Thalyta dos Reis Furlani Zouain Ferreira Neves Dias, Francisco Ubiratan Ferreira de Campos, Cecilia Pedroso Turssi, Flávia Lucisano Botelho do Amaral, Fabiana Mantovani Gomes França, Roberta Tarkany Basting
DOI:10.4103/2045-9912.330693  PMID:34854420
There is a constant search for bleaching treatments that can offer greater safety with fewer adverse effects, especially in the techniques performed in the office, which usually employ hydrogen peroxide in high concentrations (35% to 40%) that are not recommended by some international control agencies. This in vitro study evaluated the color change after tooth bleaching with the use of ozone and a 10% ozonized carbamide peroxide bleaching treatment for in-office use. Thirty molars were allocated (n = 10): three applications of ozone (1 hour every 3 days); three applications of 10% ozonized carbamide peroxide (1 hour every 3 days); 10% carbamide peroxide agent (8 hours a day for 7 days). The teeth were mounted on a plaster model to simulate the dental arch, and trays made of silicone were used for the application of the bleaching agents and to allow ozone to enter through. The ozone concentration used was 60 μg/mL, with an oxygen flow of 0.25 L/min. The values of color change showed no significant differences among treatments. The variations in the parameters over time, as well as the values of ΔEab, ΔE00, and WID, showed that there was no significant difference among the three treatments. The use of ozone and 10% ozonized carbamide peroxide for in-office use was effective for tooth bleaching with clinically perceptible and acceptable color alterations. The study was approved on September 10, 2019 by the São Leopoldo Mandic Ethics Research Committee (CAAE No. 17711719.4.0000.5374).
[ABSTRACT]  [HTML Full text]  [PDF]  [Mobile Full text]  [EPub]  [PubMed]  [Sword Plugin for Repository]Beta

In vivo microelectrode monitoring of real-time hydrogen concentration in different tissues of rats after inhaling hydrogen gas p. 107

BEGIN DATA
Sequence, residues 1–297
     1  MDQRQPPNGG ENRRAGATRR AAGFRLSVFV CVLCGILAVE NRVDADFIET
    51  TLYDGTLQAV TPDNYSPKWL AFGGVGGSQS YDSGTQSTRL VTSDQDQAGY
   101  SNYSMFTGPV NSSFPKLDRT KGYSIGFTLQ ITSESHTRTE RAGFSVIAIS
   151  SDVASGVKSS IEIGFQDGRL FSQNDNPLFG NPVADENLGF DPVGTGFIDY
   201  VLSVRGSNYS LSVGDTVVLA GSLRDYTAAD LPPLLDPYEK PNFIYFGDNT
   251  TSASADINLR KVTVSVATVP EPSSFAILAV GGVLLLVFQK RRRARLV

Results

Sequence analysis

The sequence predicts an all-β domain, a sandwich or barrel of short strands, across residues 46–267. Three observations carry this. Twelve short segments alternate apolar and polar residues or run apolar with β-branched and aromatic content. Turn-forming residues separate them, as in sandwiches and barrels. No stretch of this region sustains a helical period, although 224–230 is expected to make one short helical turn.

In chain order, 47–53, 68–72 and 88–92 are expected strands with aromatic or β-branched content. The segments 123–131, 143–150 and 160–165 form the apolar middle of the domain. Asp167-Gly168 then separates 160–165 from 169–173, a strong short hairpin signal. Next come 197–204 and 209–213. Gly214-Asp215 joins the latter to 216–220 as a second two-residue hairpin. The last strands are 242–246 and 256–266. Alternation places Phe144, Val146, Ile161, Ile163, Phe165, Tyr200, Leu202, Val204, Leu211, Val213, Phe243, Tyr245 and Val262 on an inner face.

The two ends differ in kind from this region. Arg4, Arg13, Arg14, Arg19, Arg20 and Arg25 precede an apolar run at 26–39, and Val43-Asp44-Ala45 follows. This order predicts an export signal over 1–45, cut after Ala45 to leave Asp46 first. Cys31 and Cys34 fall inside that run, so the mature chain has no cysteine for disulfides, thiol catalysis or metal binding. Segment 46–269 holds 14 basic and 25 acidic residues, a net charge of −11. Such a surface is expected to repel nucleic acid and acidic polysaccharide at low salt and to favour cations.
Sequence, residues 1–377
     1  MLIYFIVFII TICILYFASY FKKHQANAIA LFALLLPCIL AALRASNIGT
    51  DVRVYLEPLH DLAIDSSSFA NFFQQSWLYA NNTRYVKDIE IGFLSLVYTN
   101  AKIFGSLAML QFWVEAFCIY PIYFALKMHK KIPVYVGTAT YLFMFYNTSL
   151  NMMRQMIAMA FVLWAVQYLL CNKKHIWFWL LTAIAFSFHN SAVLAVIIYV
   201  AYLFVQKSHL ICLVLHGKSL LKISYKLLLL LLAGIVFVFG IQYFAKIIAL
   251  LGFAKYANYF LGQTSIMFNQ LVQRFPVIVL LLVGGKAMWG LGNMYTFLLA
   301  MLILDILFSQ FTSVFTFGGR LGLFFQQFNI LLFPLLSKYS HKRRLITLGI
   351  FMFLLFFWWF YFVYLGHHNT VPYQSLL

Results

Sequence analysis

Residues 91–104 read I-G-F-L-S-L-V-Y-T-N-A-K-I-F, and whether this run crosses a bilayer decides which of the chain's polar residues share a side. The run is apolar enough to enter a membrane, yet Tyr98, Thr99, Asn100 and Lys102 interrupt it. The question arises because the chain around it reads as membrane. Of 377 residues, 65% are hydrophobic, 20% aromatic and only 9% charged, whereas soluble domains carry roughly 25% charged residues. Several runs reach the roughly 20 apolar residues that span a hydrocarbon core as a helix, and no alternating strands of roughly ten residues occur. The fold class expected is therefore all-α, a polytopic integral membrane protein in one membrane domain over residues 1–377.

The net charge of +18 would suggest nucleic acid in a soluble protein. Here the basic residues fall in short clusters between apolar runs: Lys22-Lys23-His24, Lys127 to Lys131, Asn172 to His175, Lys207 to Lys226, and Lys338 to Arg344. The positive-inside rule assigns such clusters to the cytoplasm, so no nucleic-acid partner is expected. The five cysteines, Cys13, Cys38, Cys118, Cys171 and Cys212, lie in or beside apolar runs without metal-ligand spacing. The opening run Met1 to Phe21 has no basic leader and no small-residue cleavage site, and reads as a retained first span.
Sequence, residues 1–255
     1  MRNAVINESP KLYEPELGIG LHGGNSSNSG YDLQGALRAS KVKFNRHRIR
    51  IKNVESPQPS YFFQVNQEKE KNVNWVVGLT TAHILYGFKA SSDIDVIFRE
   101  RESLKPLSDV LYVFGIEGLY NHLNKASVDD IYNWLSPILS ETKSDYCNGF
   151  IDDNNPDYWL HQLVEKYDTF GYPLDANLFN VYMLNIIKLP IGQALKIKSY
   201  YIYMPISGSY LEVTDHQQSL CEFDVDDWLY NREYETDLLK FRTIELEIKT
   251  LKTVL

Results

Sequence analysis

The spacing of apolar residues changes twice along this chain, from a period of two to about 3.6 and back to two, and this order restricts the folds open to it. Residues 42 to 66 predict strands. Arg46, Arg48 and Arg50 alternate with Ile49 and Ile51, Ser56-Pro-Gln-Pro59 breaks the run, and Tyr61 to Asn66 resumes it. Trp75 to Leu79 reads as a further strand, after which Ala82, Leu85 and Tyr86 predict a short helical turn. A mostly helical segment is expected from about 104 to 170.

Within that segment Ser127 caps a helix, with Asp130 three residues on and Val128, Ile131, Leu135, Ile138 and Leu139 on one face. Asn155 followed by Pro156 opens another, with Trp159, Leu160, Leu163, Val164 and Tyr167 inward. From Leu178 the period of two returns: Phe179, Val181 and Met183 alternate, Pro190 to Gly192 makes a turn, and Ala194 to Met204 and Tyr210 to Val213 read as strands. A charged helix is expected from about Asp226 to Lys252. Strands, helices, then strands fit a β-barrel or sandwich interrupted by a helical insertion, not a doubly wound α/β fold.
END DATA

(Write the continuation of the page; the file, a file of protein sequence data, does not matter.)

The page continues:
Bo-Yan Liu, Jun-Li Xue, Qian-Qian Gu, Min Zhao, Meng-Yu Zhang, Ming-Yue Wang, Yun Wang, Shu-Cun Qin
DOI:10.4103/2045-9912.330694  PMID:34854421
Medical effects of hydrogen have been reported in many studies. Due to difficulties in measuring hydrogen concentration in vivo after intake and high explosive risks of hydrogen, studies about dose-response relationships and tissue concentrations of hydrogen are few. Here, for the first time, we monitored real-time hydrogen concentrations in different tissues in rats including brain, liver, spleen, kidney, thigh muscle, inguinal white adipose tissue, and gonadal white adipose tissue after inhaling different concentrations of hydrogen (4%, 42%, and 67%) using an electrochemical sensor. Hydrogen concentrations in the same tissue showed a dose-dependent response. The equilibrium concentration values were highest in the brain and lowest in the thigh muscle. The saturation and desaturation curves changed more slowly in the thigh muscle and white adipose tissues than in other tissues. These results provide fundamental information for the selection of hydrogen dose applications in basic research and clinical trials. The experiments were approved by the Laboratory Animal Ethics Committee of Shandong First Medical University & Shandong Academy of Medical Sciences (No. 2020-1028) on March 18, 2020.
[ABSTRACT]  [HTML Full text]  [PDF]  [Mobile Full text]  [EPub]  [PubMed]  [Sword Plugin for Repository]Beta

Spuriously low end tidal carbon dioxide in capnometry: Nafion tube malfunction in end tidal carbon dioxide module blamed for near mishap! p. 113
Suma Rabab Ahmad, Chitta Ranjan Mohanty, Snigdha Bellapukonda, Bishu Prasad Patro
DOI:10.4103/2045-9912.330695  PMID:34854422
[HTML Full text]  [PDF]  [Mobile Full text]  [EPub]  [PubMed]  [Sword Plugin for Repository]Beta

Anesthesiologists and burnout: what are we missing? p. 115
Priyanka Bansal, Kunal Bansal
DOI:10.4103/2045-9912.330696  PMID:34854423
[HTML Full text]  [PDF]  [Mobile Full text]  [EPub]  [PubMed]  [Sword Plugin for Repository]Beta

Subscribe this journal
Submit articles
Most popular articles
Joiu us as a reviewer
Email alerts
Recommend this journal